Our neighbors here in civilized little Wassenaar work for the Dutch foreign service, and keep their Land Rover, and their memories of Africa, squeezed into the hedged garden beside their house while they endure a home posting. They'll have to bust out eventually. The machine has certainly seen wilder days--their last posting was Namibia, before that Kazakstan and Sri Lanka. Expensive Dutch road tax keeps the LR in cold storage here, though Wassenaar is such a prosperous town that you see a lot of LR's cruising the handsome little streets. Conspicuous vehicular consumption, I guess. Reminds me of the Range Rover moment in Montecito, twenty years ago.
- Brooklin, Maine, United States
- We own a 1975 GMC Sierra Grande 15 in Maine and a 1986 Chevrolet Custom Deluxe 10 in West Texas. Also a pair of 1997 Volvo 850 wagons. Average age in the fleet is 28 years--we're recycling. I've published 3 novels: THE LAW OF DREAMS (2006), THE O'BRIENS (2012), and CARRY ME (2016). Also 2 short story collections: NIGHT DRIVING(1987) and TRAVELLING LIGHT (2013). More of my literary life is at www.peterbehrens.org I was a Fellow at the Netherlands Institute for Advanced Study for 2012-13. I'm an adjunct professor at Colorado College and in the MFA program at Queens University of Charlotte. In 2015-16 I was a Fellow at Harvard University's Radcliffe Institute for Advanced Study. The Autoliterate office is in Car Talk Plaza in Harvard Square, 2 floors above Dewey Cheatem & Howe. SUBSCRIBE TO THE AUTOLITERATE DAILY EMAIL by hitting the button to the right.
Friday, August 31, 2012
Sunday, August 26, 2012
Thinking about buying wheels in The Netherlands. Back in Maine, buying local matters. So here in Wassenaar, why not a DAF, the only Dutch automobile company I'm aware of? DAF was swallowed by Volvo sometime in the 1970s, but before that had a successful run with a narrow line of little cars. Like this Daf 55, from 1969. DAF's claim to fame was its Variomatic transmission, which was standard on all its cars: you could not get a manual. Automatic transmissons were rare in Europe in those days manual transmissions are still standard issue in rental cars and taxis. I've always liked shifting, so the Variomatic doesn't spin my wheels, but otherwise the Daf looks like my kind of machine: a plain-jane, is-what-it-is, sturdily clean-and-simple car that has survived four decades and maybe has some stories to tell. And I like the rally lamps, too.
Posted by autoliterate at 2:33 PM
It had lost its Mercedes star but we still id'd this frontwheel drive M-B Hanomag Henschel in the harbor at Scheveningen, NL. These were certainly an upgrade from the VW bus, and roomier too. Scheveningen is a beach town with a surfing scene. Can you say "Scheveningen"?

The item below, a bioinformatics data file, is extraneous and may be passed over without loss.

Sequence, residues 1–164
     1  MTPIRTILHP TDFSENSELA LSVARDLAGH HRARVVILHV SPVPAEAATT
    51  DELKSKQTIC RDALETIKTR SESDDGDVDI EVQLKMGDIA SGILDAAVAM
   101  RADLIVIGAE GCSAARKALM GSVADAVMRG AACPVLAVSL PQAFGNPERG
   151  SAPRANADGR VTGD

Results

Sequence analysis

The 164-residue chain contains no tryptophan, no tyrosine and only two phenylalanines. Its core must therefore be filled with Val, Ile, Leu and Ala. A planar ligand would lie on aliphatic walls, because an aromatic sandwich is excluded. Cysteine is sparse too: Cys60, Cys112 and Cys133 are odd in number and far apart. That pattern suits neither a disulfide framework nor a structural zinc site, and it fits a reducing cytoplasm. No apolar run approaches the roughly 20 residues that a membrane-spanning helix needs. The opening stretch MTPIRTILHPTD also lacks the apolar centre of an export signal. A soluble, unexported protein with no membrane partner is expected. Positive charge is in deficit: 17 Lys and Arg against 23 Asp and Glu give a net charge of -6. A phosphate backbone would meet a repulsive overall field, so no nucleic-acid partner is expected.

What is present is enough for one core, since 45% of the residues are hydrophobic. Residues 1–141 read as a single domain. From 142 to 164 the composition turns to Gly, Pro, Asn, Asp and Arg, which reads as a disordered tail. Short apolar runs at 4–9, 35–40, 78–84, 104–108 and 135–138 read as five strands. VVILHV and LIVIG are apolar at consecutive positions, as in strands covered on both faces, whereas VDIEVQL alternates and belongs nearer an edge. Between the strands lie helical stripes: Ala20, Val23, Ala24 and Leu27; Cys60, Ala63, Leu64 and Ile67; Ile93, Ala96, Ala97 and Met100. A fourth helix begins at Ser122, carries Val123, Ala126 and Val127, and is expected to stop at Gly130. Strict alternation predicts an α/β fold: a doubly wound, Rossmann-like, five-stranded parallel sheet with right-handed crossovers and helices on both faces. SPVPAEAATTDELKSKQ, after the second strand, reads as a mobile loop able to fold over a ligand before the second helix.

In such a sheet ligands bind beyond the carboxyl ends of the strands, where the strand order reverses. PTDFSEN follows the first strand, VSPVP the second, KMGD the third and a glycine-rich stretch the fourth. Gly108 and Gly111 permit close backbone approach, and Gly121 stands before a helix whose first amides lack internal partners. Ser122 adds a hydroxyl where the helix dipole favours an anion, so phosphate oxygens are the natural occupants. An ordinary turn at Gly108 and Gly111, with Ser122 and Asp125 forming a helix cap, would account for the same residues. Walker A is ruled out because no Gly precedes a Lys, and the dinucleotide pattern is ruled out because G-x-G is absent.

Posted by autoliterate at 7:58 AM
Thursday, August 23, 2012
I am going very euro after 4 days in The Netherlands. This is a bicycle nation, and I will certainly be writing about the local bikes on Autoliterate: the basic Dutch bicycle is a handsome, well-thought-out, and extraordinarily useful machine. We 3 are riding clunkers, however. BB's bike is in the repair shop today; H's bike has an appointment for Monday.
The Autoliterate Dutch Bike Report & Photo Essay will wait another day. Meanwhile I have been watching a flock of low-slung Citroën Traction Avants tool around Wassenaar. If you enjoy French film noir, ca, c'est le char. I'm thinking Rififi (dir. Jules Dessin); aussi, Shoot the Piano Player (dir. Francois Truffault). This was the great French gangster car. I believe they started making 'em in 1937, and production continued into the 1950s.
Posted by autoliterate at 4:59 AM
Wednesday, August 22, 2012
Tuesday, August 21, 2012
Citroën made these vans in France and Belgium from the late 1940s until 1981. Saw this one at the farmers' market in Wassenaar, NL.
Posted by autoliterate at 2:14 PM
Sunday, August 19, 2012
Posted by autoliterate at 2:43 PM
Monday, August 13, 2012
Sunday, August 12, 2012
Saturday, August 11, 2012
Friday, August 10, 2012
Thursday, August 9, 2012
American Boy's Handy Book of 1882. E.B. White (Charlotte's Web, etc.) built one her in Brooklin for his son Joel White, founder of the Brooklin Boat Yard. The Whites' vessel was called Flounder. Bill Mayher built Flounder II this summer. Her homeport is The Pond, and she is lots of fun.
Huck Finn & Tom Sawyer have been having a very good, very shoeless summer here in Brooklin.
Posted by autoliterate at 6:54 PM